With the growing bear population, more bears can be expected in the area, experts say.
By JOHN W. GOODWIN JR.
VINDICATOR STAFF WRITER
BOARDMAN -- Township officials and officers from the division of wildlife had a bear of a time playing hide and seek with a 110-pound, fur-covered visitor over the weekend, and some experts say more wild visits can be expected in the future.
Bill Beagle, public information specialist, Ohio Division of Wildlife, said officers armed with tranquilizer guns were dispatched just after 4 p.m. Sunday to the 8000 block of Market Street after residents saw a young male black bear wandering through the area.
After several minutes of cat and mouse play with officers, the animal was tranquilized and moved to an undisclosed location in northeast Ohio. Beagle said officials do not tell the exact location of where an animal has been relocated because thrill seekers may make the animal's adjustment more difficult.
"We do believe that some of these animals are living in Ohio year-round now," said Beagle. "With any species you have to look at habitat. They are going to go where the food and cover is."
Division of wildlife officials say that as the population of black bears in Ohio and surrounding states continues to climb, the number of human encounters with the animals can also be expected to climb -- especially in areas bordering Pennsylvania and West Virginia.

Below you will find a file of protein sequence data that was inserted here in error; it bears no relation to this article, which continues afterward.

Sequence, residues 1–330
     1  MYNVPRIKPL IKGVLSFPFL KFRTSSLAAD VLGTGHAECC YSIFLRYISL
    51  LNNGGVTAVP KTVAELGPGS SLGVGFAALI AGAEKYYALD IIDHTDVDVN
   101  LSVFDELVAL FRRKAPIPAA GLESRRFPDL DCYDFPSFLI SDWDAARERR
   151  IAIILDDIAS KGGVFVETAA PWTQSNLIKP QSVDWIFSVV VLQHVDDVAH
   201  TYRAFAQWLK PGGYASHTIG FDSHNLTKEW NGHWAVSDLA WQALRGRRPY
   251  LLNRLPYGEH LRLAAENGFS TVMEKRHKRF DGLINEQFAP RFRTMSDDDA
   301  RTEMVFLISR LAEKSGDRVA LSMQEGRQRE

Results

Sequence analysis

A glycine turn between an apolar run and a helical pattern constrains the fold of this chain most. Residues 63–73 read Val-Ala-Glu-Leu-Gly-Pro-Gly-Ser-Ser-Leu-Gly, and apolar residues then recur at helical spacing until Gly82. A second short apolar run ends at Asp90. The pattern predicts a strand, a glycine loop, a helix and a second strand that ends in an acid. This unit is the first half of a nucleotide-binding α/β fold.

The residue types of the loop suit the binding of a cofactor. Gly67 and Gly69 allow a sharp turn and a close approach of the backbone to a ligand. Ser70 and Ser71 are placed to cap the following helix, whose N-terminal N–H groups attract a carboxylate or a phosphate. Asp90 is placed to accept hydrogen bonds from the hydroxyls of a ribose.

Population figures: Pennsylvania, said Beagle, has a black bear population of about 10,000; West Virginia has between 6,000 and 8,000. A conservative figure for northeast Ohio would be about 50, he said.
According to Beagle, tranquilizers were used as a matter of procedure, but the bear that made his way through here "was so docile that anybody probably could have come up and fed him a donut by hand." Such familiarity with the animals, however, is not recommended.
With the potential increase in bear/human encounters, it is important for residents to understand there is no need for fear as long as they respect a few general rules, Beagle said:
UMost important, do not feed the animals.
UDo not to try to catch or corner any bear.
Beagle said most bears prefer to live in areas less populated by humans where they can roam freely, but, like raccoons, can become used to humans very quickly and learn to live off the scraps and garbage left behind in trash cans and pet feeders.
Ornery youngsters: Young male bears, such as the township's weekend visitor, can travel large distances and can show up anywhere in eastern and southern Ohio, committing acts that an experienced adult bear would not do, such as raiding trash cans and taking handouts from well-meaning residents.
Beagle said this becomes especially important this time of year when mother bears have given birth to new cubs and are forcing the older to cubs out of the den to fend for themselves.